How to get guests on the Dance Floor

Having an empty dance floor is one of the biggest worries we hear about from brides and grooms, and I know it certainly cost me some sleepless nights before my own wedding.

I have provided my top five tried and tested tips to help you get your wedding guests on the dance floor…

Dim the Lights

Dimming the lights is one of the simplest and most effective ways of helping to fill your dance floor; no one wants to strut their funky stuff in a floodlit room. Add some disco / flashing or roving lights to help create movement on the dance floor. Speak to your venue about their policy for evening lighting and also to your DJ or band to see what they can provide.

Create the Perfect Space

Similar to the lighting, your guests won’t want to feel exposed on a huge dance floor, however, if there is no clear dance floor space it might put them off. Consider how many guests you have and the layout of the room. Have a clearly laid out dance floor area – I personally would go for it being slightly too small so it looks fuller rather than having it too big and feeling empty.

Choose Your Music Wisely

You and your groom may very well be into death metal but your guests may not be. Of course it’s all about you guys on your big day and so you should be able to play whatever music you want, but you can’t expect your guests to be comfortable with moshing out if it’s not their scene. You could ask your guests to choose their favourite dancing song in your invites and play these earlier in the evening, then have your choice of music towards the end. This will help them feel included in the arrangements and more compelled to dance when their song is played. You never know, you may be able to convert a few of your friends and family into your musical tastes by the end of the night.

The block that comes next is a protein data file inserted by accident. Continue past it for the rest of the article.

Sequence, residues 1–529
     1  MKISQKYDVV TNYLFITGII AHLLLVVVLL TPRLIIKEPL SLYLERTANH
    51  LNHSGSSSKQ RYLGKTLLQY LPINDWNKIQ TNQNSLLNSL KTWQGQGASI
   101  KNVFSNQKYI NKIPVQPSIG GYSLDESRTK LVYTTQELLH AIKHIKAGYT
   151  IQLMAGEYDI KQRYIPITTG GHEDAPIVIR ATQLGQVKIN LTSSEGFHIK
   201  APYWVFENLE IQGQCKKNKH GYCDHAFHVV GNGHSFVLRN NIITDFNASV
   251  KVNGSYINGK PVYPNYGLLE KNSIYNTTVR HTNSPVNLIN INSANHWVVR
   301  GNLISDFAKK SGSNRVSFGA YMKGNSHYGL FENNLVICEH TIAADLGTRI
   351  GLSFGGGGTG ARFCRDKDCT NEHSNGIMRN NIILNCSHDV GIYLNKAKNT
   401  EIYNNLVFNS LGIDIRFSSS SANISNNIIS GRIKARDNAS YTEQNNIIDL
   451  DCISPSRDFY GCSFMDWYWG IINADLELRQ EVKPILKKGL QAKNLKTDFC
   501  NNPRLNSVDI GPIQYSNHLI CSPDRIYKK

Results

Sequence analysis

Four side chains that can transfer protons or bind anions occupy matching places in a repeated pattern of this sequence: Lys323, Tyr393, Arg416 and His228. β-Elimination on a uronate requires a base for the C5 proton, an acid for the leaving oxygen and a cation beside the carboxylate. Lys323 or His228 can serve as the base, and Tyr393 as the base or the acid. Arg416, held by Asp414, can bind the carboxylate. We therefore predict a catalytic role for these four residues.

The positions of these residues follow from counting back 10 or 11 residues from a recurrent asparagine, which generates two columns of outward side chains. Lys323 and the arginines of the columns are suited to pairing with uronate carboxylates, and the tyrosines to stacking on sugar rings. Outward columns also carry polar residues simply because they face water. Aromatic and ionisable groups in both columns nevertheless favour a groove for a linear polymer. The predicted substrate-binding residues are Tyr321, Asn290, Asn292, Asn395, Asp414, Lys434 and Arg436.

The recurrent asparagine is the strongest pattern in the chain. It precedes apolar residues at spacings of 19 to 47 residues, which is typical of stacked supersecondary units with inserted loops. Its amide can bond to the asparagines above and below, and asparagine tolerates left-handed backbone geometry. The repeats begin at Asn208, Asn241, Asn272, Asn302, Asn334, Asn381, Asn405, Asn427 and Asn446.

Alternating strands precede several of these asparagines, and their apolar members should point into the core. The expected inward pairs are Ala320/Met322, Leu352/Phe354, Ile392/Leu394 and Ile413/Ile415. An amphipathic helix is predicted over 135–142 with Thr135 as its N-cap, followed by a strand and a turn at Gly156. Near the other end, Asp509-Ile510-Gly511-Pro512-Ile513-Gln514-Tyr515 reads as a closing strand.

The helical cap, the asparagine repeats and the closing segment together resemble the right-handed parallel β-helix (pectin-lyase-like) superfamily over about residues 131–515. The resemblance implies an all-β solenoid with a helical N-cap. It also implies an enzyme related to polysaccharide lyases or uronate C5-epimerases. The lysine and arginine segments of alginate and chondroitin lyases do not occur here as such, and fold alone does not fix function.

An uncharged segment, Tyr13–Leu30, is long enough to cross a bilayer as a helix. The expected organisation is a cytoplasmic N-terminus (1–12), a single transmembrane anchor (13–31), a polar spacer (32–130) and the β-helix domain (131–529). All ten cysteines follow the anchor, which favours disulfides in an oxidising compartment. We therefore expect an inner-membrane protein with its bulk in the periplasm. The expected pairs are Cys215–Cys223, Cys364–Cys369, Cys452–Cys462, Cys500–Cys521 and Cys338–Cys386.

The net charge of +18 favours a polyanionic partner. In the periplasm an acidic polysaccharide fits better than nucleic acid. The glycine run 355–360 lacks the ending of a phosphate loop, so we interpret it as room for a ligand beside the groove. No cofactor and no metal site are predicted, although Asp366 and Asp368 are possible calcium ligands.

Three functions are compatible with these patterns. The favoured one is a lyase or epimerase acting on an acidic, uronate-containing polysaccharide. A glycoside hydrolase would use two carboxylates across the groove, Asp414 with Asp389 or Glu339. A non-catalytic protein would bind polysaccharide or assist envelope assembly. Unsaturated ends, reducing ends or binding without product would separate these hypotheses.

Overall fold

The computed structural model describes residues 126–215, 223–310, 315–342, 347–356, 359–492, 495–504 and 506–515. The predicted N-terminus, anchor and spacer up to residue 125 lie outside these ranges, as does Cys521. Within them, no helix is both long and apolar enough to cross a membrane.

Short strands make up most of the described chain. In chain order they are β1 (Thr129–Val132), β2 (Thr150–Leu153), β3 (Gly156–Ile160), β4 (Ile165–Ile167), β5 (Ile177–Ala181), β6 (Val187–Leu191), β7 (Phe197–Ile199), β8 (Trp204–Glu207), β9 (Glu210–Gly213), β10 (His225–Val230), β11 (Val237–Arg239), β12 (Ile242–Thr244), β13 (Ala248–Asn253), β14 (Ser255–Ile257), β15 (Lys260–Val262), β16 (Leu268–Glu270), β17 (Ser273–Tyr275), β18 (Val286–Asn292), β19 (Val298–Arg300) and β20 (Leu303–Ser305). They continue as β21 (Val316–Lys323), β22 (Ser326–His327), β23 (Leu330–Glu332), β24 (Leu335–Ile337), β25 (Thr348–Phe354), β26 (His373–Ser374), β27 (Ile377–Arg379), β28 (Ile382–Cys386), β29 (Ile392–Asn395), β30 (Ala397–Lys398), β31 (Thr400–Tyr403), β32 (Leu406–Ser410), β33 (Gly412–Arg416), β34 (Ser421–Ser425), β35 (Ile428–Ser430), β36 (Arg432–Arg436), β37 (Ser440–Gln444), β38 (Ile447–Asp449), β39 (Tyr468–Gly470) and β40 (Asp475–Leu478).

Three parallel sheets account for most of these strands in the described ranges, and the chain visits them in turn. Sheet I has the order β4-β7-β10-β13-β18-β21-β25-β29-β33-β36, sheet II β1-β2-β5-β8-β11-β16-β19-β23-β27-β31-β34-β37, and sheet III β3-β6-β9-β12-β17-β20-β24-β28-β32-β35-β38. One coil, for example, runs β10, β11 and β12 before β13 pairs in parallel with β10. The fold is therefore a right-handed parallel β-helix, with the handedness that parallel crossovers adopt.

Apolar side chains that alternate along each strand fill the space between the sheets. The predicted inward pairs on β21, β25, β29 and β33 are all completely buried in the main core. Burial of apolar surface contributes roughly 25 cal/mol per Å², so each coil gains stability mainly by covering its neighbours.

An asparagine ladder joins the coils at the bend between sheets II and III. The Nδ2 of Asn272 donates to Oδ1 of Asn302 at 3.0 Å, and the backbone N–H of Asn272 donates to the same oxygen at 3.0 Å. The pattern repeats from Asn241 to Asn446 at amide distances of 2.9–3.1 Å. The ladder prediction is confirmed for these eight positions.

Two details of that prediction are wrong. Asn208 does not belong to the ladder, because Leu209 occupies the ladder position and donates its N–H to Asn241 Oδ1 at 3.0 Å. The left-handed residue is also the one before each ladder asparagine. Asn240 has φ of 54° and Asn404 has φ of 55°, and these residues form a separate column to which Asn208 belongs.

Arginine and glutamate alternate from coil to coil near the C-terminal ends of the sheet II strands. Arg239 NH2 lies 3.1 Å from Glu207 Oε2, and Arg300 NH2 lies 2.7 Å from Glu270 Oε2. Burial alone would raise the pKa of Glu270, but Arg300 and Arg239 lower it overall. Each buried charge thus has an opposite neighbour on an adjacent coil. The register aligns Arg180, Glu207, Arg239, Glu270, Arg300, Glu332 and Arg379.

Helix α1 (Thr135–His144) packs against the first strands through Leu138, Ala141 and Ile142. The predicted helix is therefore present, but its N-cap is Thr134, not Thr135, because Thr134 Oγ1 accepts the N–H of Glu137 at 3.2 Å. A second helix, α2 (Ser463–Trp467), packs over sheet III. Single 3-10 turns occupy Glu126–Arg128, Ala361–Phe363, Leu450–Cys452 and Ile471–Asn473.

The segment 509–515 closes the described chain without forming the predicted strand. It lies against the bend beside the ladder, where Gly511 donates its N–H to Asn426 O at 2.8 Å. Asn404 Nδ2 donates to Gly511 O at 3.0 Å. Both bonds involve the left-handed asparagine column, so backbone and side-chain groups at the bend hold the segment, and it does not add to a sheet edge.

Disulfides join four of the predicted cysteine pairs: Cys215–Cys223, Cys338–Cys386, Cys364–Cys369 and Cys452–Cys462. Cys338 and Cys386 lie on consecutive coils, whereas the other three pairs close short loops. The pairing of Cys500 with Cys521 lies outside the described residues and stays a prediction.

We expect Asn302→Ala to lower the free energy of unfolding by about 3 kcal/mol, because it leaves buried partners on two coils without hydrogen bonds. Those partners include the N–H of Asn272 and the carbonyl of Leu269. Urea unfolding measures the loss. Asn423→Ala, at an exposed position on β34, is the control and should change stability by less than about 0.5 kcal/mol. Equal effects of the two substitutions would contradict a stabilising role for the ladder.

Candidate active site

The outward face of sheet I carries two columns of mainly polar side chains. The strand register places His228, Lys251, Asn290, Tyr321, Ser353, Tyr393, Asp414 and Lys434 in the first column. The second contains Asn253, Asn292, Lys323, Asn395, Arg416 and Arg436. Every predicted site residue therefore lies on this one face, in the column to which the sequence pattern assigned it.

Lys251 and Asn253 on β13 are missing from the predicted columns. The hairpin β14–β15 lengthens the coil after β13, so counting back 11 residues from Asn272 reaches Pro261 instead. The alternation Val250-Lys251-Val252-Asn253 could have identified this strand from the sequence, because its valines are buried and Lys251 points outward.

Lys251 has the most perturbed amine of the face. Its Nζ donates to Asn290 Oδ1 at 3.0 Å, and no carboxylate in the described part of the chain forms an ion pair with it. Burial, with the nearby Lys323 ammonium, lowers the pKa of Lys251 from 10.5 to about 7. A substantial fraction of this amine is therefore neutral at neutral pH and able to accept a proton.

Recruit a Dancing Committee

I’m not suggesting you have weekly meetings with agendas or anything in the weeks leading up to the wedding, but speaking to your bridal party or your most outgoing friends and asking them if they wouldn’t mind helping to get the party started on the night is a good idea. Being the first on an empty dance floor can be very daunting, but if you have a group ready and raring to go, the rest of your guests will be sure to follow.

Hire a Professional Live Band or DJ

Professional DJs and bands perform at 2-3 weddings on a weekly basis and so know what songs are guaranteed to get people up on the dance floor and keep them there. I cannot stress highly enough the booking of a professional act. I know budgets can be tight but a £100 DJ or band from the local pub will have different experience to that of a professional wedding DJ or band. Do your research and check references because it could really make or break your night.

The evening reception is the last part of your day so make sure it goes out with a bang and not whimper – your guests aching feet the next morning will remind them what an amazing time they had!

Article by Tracey Warren of Warble Entertainment

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